Safaricom, the largest telecommunications company in Kenya, has announced a new plan to settle the debts of customers who delay paying their Okoa Jahazi credit advance by debiting their loyalty points. The move is intended to reduce the value of outstanding Bonga points, which have become a liability to the company.
The Okoa Jahazi service allows Safaricom customers to request a credit advance, which they must repay within five days. A 10% advance fee is charged for each Okoa Jahazi request, and customers receive 90% of the credit advance. With the new plan, Safaricom will automatically debit a customer’s loyalty points to settle the outstanding debt if the customer fails to repay the advance on time.
The Bonga loyalty program, initiated by Safaricom in 2017, permits both prepaid and postpaid subscribers to earn points for every KES 10 spent on the company’s network. These points can be utilized to redeem rewards, such as talk-time, data bundles, messaging bundles, and merchandise at selected retail outlets when using the Lipa na M-Pesa service.
However, the Bonga program has become a liability to Safaricom, with billions of shillings worth of outstanding points that have not been redeemed. In March 2022, the company had accumulated liabilities of KES 4.5 billion, prompting the company to consider putting an expiry date on the program. This plan was later reversed, and the company is now using loyalty points to settle the debts of customers who use the Okoa Jahazi service.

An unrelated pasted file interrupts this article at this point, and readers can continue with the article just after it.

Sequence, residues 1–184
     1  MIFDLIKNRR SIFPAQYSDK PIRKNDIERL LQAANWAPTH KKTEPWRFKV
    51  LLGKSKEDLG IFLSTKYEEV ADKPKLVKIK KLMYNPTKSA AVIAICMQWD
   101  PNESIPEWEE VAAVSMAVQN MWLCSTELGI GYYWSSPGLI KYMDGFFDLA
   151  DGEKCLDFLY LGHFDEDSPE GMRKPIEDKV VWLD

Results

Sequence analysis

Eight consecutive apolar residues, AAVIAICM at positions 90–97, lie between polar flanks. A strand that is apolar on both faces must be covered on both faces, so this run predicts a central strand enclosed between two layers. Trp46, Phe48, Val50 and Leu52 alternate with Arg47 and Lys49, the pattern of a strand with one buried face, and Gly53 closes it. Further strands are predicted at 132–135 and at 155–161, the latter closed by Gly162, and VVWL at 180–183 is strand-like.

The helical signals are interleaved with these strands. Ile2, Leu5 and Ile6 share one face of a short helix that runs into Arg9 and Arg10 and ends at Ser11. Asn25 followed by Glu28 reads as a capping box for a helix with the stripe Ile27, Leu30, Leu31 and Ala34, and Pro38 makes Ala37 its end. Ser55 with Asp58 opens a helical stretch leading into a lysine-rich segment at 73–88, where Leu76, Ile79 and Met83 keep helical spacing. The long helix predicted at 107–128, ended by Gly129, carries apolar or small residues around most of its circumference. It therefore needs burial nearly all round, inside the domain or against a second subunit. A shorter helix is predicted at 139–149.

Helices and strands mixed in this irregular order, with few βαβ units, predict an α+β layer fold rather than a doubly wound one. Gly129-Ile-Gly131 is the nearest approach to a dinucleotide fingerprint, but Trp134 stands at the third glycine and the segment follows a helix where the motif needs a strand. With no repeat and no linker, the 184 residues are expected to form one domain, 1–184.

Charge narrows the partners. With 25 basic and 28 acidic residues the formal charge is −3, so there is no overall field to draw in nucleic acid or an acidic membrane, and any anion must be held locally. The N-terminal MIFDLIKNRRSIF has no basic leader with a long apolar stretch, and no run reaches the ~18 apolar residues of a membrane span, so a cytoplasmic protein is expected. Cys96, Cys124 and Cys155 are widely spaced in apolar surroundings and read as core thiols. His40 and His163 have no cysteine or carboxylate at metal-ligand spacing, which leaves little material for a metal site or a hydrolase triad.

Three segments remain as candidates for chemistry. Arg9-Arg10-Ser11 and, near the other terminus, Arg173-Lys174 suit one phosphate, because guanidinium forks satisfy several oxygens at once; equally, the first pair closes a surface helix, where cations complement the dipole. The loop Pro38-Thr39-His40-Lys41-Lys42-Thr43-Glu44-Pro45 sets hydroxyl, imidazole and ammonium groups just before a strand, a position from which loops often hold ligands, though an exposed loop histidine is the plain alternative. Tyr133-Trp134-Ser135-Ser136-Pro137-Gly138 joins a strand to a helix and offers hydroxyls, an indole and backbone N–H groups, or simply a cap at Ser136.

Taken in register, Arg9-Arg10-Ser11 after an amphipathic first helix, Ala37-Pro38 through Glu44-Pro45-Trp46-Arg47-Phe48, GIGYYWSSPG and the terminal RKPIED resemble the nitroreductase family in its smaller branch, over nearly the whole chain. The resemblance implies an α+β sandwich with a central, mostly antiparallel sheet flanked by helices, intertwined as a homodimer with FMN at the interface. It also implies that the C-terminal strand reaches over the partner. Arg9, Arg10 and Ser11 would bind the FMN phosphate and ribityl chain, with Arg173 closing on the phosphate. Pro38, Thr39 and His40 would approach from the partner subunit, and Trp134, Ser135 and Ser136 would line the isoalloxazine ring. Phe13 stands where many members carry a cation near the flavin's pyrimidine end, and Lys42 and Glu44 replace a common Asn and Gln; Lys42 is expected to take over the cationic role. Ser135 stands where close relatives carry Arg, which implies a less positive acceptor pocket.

The move is expected to encourage customers to redeem their loyalty points, which will reduce Safaricom’s liabilities. Each point is estimated to be worth 30 cents, and customers can redeem them for a range of rewards. For example, 50 Bonga Points can earn a customer four minutes of talk time, while 600 points can give 3,500 SMSs valid for 30 days.
Aside from settling debts, Safaricom has also imposed a time limit on the usage of data resources purchased through its Bonga loyalty points. Previously, Bonga data bundles had no expiration date, but now they are only valid for seven days.
The move by Safaricom to use loyalty points to settle debts is an innovative approach to addressing the company’s liabilities while encouraging customers to redeem their rewards. It remains to be seen whether the plan will be successful in reducing the company’s liabilities and incentivizing customers to use their loyalty points. Nonetheless, it is a positive step towards addressing the challenges facing Safaricom’s loyalty program and improving the company’s financial position.